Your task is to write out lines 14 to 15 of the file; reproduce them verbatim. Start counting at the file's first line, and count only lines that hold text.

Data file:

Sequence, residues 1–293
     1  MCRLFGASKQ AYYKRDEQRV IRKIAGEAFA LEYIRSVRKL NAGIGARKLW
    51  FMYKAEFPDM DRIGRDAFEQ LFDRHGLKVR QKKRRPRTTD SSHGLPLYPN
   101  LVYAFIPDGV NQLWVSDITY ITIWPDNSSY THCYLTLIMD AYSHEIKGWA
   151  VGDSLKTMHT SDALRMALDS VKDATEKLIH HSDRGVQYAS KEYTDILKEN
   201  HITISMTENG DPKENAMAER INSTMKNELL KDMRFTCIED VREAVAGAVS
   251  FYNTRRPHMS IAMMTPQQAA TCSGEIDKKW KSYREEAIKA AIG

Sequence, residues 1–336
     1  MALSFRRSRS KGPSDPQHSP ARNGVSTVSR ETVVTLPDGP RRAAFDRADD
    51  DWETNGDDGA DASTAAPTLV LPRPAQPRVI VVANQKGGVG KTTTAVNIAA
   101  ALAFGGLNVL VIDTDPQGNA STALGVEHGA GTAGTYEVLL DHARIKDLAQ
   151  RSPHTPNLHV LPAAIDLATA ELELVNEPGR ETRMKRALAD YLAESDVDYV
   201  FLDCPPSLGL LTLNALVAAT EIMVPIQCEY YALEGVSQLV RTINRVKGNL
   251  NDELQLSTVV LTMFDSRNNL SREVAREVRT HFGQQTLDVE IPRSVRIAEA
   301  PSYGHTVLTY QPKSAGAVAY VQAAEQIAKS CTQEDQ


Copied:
   251  NDELQLSTVV LTMFDSRNNL SREVAREVRT HFGQQTLDVE IPRSVRIAEA
   301  PSYGHTVLTY QPKSAGAVAY VQAAEQIAKS CTQEDQ